The town of Fredrikstad was in many ways an economic powerhouse in Norway in the previous century, first as a major supplier of machinery to the timber industry and then as a center of shipbuilding activities. At one point the shipyard in Fredrikstad was the largest in Scandinavia. It has been said that there was always an air of optimism surrounding the town and its inhabitants, and it was certainly reflected in FFK's playful and relaxed style of football, by many regarded as the most entertaining in the country. The club's first cup triumph in ’32 even made Jørgen Juve, a legend in Norwegian football, state:

Perhaps it was because of this relaxed atmosphere that the club was so successful, and also why it eventually fell into decline. After years of glory the club was becoming conservative, although they would not admit it themselves. Other clubs were increasingly turning to professionalism, while players from FFK still played football in addition to having normal jobs. Training regimes were becoming more rigorous than before, but in Fredrikstad they felt that training more than twice a week would ruin the joy of playing football. There is also the sentiment that, in light of the club's formidable history, newer generations of FFK-players were given too much responsibility, folding to the pressure again and again whenever things were starting to look brighter.

Fredrikstad was to struggle throughout the 1970s. They reached the cup final in 1971, but lost to Rosenborg BK, who were by now firmly on route to becoming a giant in Norwegian football. Two years later and for the first time in the club's history, FFK were relegated. In 1975, they were back in the highest division, where they stayed for two seasons before facing relegation yet again.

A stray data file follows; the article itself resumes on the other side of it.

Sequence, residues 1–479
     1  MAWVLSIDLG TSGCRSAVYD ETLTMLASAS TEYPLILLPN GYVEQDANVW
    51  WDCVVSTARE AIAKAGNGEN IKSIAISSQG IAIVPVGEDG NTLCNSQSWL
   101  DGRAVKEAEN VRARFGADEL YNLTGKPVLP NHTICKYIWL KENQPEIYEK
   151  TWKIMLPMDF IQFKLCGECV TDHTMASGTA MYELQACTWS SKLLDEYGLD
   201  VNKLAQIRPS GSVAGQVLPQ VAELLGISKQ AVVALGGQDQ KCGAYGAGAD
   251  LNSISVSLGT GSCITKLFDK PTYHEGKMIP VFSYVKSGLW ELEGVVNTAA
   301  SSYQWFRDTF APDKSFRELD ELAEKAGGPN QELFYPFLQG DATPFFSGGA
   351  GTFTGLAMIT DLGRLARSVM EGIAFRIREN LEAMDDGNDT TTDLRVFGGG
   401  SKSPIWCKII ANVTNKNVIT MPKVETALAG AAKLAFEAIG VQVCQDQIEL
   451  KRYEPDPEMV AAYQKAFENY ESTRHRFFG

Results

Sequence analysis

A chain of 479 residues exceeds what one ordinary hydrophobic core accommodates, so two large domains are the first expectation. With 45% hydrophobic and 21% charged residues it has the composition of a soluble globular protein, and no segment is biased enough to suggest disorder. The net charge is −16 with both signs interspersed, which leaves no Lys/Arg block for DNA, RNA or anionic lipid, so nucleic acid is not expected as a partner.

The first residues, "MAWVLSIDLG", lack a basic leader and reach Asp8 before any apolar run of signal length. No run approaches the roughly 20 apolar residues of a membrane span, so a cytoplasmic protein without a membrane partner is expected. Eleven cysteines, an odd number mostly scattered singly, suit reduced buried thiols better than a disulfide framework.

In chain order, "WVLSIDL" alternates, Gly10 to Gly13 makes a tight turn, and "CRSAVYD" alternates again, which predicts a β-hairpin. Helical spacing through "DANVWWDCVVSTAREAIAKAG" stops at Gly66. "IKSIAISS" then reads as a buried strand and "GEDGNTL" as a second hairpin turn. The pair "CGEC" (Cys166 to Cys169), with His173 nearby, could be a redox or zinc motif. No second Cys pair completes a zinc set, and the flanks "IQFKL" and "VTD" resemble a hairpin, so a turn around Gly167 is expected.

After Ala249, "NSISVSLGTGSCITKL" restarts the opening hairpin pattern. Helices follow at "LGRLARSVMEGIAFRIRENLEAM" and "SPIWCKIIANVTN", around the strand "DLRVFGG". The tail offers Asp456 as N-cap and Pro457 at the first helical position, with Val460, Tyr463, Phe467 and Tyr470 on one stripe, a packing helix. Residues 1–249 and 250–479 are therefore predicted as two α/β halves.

The elevator ride between divisions continued until 1984. The Norwegian Cup went to Fredrikstad that year, but it must have been a bittersweet success. The club was once again relegated, and this time they were unable to make it back to the top flight. In 1992, FFK were relegated to the third highest division, where they would languish until 2002.

Fredrikstad's comeback from obscurity is largely attributed to manager Knut Torbjørn Eggen, who introduced a degree of professionalism the club had previously lacked. During his tenure, from 2001 until the end of 2006, the son of Nils Arne Eggen led the team to their first title in more than two decades. In 2002, they were promoted from the 2nd Division to the Adeccoligaen, and in 2003, their centenary year, Fredrikstad finished second, earning promotion to the Premier League. Although struggling to maintain their form through an entire season, Fredrikstad have managed to retain their spot three times, and in 2006 they won the Norwegian Cup for the eleventh time in their history. They came 2nd and won silver in the 2008 season, but relegated after a poor season in 2009 to Adeccoligaen. They eventually got promoted back to Tippeligaen through playoffs in November 2010 by first beating Løv-Ham 2–0, then Hønefoss BK with a stunning 8–1 goal difference over two matches.

On 13 December 2011 the offices of the club were raided by Norwegian police in connection with the Raio Piiroja contract investigations

Colours and badge

In the early years of the club, Fredrikstad changed attire quite frequently. The first kit, for example, consisted of blue and white striped shirts and black shorts, but was changed after only two years, to white shirts and blue shorts. In 1910, a green and white kit was adopted ahead of the club's first semifinal in the Norwegian Cup.